Assertive Messages Format: Using I Statements
Assertiveness is a respectful and active way of communicating that gives you and other parties the best likelihood of resolving conflict or preventing conflict. Assertiveness can be a difficult habit to start.
Use this format when you are planning in your head what to say when you might be tempted to say something aggressive or avoid communicating something you need to. You don’t necessarily have to use all of the parts to this “I” statement formula, but it will make your message more clear the more of it you use. Change your language from "you" messages such as "You're a jerk.. it's all your fault" into "I feel confused. Could I have an explanation?" The entire easy "I statement" format follows.
Directions: Fill in the blanks with the details of your situation and what you want to communicate. Avoid the word “you” as much as possible, except in your direct request part.
I understand ___________________
I Feel (Feeling Word)________
When I ___________________
Would you ____(Request)____
I will __________________________
Here’s an example: “I understand that you have worked all day and had to run errands for me today after work. I feel relieved when I don’t have to worry about those things when I come from work, because I like to start dinner right away. Would you help me again on Friday with a couple things, and I will have dinner ready for you and the kids when you get home.”
Keep in mind that this is a difficult habit to develop in your language, and will likely feel unnatural. Usually it takes people several seconds to create these messages, and that is not the rate at which a real conversation goes. Ultimately, you want it to sound natural with more practice. You also want to consider who you are talking to: age, location, gender, position, etc. and add some common language that you would normally use to sound more natural. Your body language must also match the content of your intended message.
Over time you can develop this as a skill you can “pull out” and use when you need it. Hopefully, as you set boundaries and accept responsibility for yourself, you will need this skill less and less. Others around you may start to view you differently and eventually they may become more assertive themselves.
Assertive Message Examples
These are examples of phrases that are commonly used as assertive messages. Build these statements and questions into your normal vocabulary to quickly and efficiently show assertiveness toward others. Many of these are to help you problem solve, while others are to set limits with other. Remember that you have the right to say no to anyone about anything, but everyone else has the right to say no to you for anything also. If you can understand those boundaries, then these assertive messages become even more natural.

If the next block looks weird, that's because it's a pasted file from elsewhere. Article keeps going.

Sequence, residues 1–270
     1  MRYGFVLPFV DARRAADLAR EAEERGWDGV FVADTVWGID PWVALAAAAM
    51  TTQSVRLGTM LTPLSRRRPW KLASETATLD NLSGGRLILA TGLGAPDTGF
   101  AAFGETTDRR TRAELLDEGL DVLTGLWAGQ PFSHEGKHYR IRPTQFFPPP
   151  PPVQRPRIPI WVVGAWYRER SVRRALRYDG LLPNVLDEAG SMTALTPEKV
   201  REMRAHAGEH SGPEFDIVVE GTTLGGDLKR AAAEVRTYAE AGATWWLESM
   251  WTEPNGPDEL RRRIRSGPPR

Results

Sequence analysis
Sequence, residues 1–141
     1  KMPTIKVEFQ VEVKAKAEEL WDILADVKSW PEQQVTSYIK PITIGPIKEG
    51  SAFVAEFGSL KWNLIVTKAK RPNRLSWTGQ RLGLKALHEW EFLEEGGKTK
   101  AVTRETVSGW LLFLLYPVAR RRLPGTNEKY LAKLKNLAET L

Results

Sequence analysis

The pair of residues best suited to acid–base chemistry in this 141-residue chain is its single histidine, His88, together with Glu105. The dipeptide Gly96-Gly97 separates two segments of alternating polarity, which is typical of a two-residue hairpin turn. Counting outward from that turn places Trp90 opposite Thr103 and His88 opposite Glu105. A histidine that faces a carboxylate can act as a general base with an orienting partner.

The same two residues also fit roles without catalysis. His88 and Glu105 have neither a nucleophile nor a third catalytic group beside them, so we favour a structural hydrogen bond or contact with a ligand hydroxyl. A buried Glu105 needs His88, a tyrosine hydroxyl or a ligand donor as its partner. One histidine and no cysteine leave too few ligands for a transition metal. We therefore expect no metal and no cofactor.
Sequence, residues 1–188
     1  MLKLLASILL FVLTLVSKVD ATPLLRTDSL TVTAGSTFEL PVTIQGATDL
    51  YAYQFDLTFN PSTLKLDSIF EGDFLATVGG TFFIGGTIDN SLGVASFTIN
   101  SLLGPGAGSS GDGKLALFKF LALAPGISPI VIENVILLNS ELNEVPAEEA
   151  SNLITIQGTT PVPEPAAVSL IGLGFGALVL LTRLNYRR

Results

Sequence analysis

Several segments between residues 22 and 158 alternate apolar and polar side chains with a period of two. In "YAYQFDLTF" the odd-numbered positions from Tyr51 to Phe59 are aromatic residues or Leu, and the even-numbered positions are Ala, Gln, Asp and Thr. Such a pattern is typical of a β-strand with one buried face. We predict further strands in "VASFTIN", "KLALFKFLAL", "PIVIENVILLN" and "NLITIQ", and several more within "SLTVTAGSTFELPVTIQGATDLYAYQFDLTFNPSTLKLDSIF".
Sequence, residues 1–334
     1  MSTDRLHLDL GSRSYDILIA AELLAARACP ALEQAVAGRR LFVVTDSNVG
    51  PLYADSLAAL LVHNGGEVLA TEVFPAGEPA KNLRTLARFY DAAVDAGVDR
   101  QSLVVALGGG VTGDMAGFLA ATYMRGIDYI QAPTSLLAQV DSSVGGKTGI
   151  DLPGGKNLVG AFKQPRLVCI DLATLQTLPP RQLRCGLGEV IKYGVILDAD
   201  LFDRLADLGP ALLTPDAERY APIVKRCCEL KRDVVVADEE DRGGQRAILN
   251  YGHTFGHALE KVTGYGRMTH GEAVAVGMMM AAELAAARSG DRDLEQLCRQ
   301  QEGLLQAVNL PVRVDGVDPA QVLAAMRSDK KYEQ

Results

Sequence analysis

Limit Setting Assertive Messages
“Thank you for your advice, I’ll take that into consideration.” “I have not decided yet, but I can let you know when I do.” “I have the right to change my mind.” “I love you too much to fight with you in this way.”
Asserting a Concern
“Could I talk to you about something that is bothering me?” “I have something that I would like to talk to you about. When would be a good time to talk?” “I feel hurt when I am talked down to because it is disrespectful.” “I would like to talk about this at another time.” “I will talk to you about this when we have both calmed down.” “I understand you can’t give me exact numbers, but could you give me an estimate of the total cost and when you think the work might be done?”
“Although I understand your perspective, I disagree with your decision.” “Is there someone else I could talk to who might be able to better help me with my request?” “I will have no other choice than to get someone else involved if I do not receive a response.” “I will not put up with abuse.” “I will protect myself and my rights if something like this ever happens again.”
Asserting your Rights and Expressing Your Limits
“I would like you to take responsibility for yourself and your own actions.” “I will not accept responsibility for your actions.” “Is there anything I can do to help you in this situation?” “I am disappointed in this outcome.”
Asking for Clarity and Being Honest
“Could you tell me exactly what it is that you would like for me to do?” “Are you telling me this to be helpful or to be hurtful?” “No, I am not busy, but I would like to keep it that way.”
Solving Problems Assertively
“Would you like some help?” “Do you have a request?” “Do you have a suggestion?” “Would you help me?” “I am sorry, how can I make this situation right?”